ctd-class: Class to Store CTD (or general hydrographic) Data

ctd-classR Documentation

Class to Store CTD (or general hydrographic) Data


This class stores hydrographic data such as measured with a CTD (conductivity, temperature, depth) instrument, or with other systems that produce similar data. Data repositories may store conductivity, temperature and depth, as in the instrument name, but it is also common to store salinity, temperature and pressure instead (or in addition). For this reason, ctd objects are required to hold salinity, temperature and pressure in their data slot, with other data being optional. Formulae are available for converting between variants of these data triplets, e.g. swSCTp() can calculate salinity given conductivity, temperature and pressure, and these are used by the main functions that create ctd objects. For example, if read.ctd.sbe() is used to read a Seabird file that contains only conductivity, temperature and pressure, then that function will automatically append a data item to hold salinity. Since as.ctd() does the same with salinity, the result this is that all ctd objects hold salinity, temperature and pressure, which are henceforth called the three basic quantities.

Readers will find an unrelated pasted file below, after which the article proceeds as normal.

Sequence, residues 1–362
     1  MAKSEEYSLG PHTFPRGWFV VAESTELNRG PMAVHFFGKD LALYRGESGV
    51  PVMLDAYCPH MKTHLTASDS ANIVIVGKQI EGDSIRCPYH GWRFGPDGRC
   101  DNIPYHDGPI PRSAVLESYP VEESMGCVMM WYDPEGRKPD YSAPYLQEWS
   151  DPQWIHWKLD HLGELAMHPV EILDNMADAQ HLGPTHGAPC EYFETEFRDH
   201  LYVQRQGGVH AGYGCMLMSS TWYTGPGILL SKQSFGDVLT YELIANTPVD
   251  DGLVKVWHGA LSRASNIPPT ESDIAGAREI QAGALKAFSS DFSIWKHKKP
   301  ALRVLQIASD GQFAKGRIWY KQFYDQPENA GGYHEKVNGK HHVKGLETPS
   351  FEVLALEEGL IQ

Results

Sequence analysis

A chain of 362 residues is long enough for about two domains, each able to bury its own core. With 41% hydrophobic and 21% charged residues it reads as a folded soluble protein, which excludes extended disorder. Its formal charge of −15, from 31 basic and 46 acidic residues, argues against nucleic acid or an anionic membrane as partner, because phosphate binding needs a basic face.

Different units and scales are permitted for the three basic quantities, and most oce functions check those units and scales before doing calculations (e.g. of seawater density), because those calculations demand certain units and scales. The way this is handled is that the accessor function [[,ctd-method] returns values in standardized form. For example, a ctd object might hold temperature defined on the IPTS-68 scale, but e.g. ctd[["temperature"]] returns a value on the ITS-90 scale. (The conversion is done with T90fromT68().) Similarly, pressure may be stored in either dbars or PSI, but e.g. ctd[["pressure"]] returns a value in dbars, after dividing by 0.689476 if the value is stored in PSI. Luckily, there is (as of early 2016) only one salinity scale in common use in data files, namely PSS-78.



As with all oce objects, the data slot for ctd objects is a list containing the main data for the object. The key items stored in this slot are: salinity, temperature, and pressure, although in many instances there are quite a few additional items.